Poinsettia plants appear every December in plant stores, florists, grocery stores, fund raising inventories, and even back yards. They come in a variety of colors. Red remains the most popular, but there are whites, pink and whites, purple, yellow, orange and salmon. This year I chose red, but I’ve also had pinks and whites.
Like many others, I try to plant these hothouse plants in the backyard so they will bloom again the next year. One time we had a brilliant red poinsettia bush. It bloomed with abandon for several years, and then abruptly died. But I persist.
Poinsettias are tropical plants indigenous to Mexico where they are a perennial shrub that can reach a height of 13 feet. The Aztecs used the colorful leaves to produce a red dye and the sap as a medication to reduce fevers. In Nahuatl, the Aztec language, the plant is called Cuitlaxochiti, “flower that grows in residues or soil.” An accurate, if not poetic, description.
FLOR DE NOCHE BUENA
Today the poinsettia is often called the Christmas Eve Flower, in part due to a legend from 16th century Mexico. Once upon a time, everyone in the village brought expensive gifts to the Baby Jesus. But Maria was too poor to give anything. When she approached the altar, an angel appeared and told Maria to gather weeds from the roadside and bring them to the altar. To everyone’s amazement crimson blossoms sprouted from the leaves. A Christmas miracle.
Joel Roberts Poinsett was the first American Minister to Mexico. In 1825 he found the crimson plants growing on the hillsides of Taxco. Enchanted, he sent cuttings to his home in Greenville, South Carolina. The plants flourished in Poinsett’s greenhouse and he began to give them away.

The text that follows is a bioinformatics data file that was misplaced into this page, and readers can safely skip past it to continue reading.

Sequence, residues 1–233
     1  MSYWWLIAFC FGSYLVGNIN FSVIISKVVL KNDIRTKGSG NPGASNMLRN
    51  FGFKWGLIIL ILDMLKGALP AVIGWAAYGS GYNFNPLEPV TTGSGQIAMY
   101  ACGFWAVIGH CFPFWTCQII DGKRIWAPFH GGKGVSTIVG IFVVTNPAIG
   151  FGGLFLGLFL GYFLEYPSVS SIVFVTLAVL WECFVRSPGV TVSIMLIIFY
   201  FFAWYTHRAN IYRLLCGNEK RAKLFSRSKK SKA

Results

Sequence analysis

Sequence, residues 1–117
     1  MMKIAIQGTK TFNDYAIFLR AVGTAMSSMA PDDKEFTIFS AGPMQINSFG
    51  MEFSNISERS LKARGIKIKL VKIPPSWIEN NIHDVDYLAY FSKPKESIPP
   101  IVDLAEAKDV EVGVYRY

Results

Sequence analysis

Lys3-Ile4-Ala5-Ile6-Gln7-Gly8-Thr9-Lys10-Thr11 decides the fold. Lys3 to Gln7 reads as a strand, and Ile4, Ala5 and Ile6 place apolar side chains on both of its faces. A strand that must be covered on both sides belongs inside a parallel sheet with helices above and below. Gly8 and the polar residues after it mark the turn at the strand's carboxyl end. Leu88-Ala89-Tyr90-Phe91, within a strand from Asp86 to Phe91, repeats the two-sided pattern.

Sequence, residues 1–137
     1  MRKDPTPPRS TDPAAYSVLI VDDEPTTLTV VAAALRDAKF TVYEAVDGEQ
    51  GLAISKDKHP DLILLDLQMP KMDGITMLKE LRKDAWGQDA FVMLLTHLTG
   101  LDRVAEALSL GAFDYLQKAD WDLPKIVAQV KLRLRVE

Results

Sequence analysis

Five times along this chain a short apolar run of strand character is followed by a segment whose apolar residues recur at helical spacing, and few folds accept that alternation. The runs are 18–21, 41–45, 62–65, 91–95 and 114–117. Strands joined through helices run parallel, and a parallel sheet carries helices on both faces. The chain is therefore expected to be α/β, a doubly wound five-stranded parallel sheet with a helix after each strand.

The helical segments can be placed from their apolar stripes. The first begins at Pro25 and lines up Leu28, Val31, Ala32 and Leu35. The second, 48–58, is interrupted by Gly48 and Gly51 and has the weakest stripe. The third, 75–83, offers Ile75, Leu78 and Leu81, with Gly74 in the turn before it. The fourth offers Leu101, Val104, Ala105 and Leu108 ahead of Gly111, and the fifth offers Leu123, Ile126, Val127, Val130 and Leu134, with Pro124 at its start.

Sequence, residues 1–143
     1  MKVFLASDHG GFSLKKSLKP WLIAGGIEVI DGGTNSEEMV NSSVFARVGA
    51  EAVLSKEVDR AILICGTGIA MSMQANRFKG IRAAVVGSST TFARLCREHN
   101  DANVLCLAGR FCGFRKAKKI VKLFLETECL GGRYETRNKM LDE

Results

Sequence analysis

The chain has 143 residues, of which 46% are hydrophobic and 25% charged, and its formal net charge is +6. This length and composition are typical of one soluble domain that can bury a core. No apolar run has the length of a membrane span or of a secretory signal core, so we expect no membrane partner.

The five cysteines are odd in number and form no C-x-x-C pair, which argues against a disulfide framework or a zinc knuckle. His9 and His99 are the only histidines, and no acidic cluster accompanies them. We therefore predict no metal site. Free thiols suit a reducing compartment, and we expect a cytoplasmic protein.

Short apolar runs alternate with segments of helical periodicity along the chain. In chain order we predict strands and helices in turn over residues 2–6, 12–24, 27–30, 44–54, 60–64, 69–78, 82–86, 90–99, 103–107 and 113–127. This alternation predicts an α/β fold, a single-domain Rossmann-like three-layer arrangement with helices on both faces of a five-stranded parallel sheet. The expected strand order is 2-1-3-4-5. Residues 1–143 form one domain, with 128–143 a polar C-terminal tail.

Officially known as Euphorbia pulcherrima, most of us know this Christmas Flower as Poinsettia. December 12, the day Poinsett died in 1851, is officially called Poinsettia Day.
I’m going to take some holiday time for the next couple weeks. I’ll be back on January 9, 2017.
Featured Image: Photo of Author’s Poinsettia
Drawing of Joel Roberts Poinsett in the Public Domain. Wikimedia Commons.
NTS Satellite Network. Public Domain. Wikimedia Commons.
The Poinsettia Pages. University of Illinois Extension.
Poinsettia: The Christmas Flower. APS.
Sandra Wagner-Wright holds the doctoral degree in history and taught women’s and global history at the University of Hawai`i. Sandra travels for her research, most recently to Salem, Massachusetts, the setting of her new Salem Stories series. She also enjoys traveling for new experiences. Recent trips include Antarctica and a river cruise on the Rhine from Amsterdam to Basel.
Sandra particularly likes writing about strong women who make a difference. She lives in Hilo, Hawai`i with her family and writes a blog relating to history, travel, and the idiosyncrasies of life.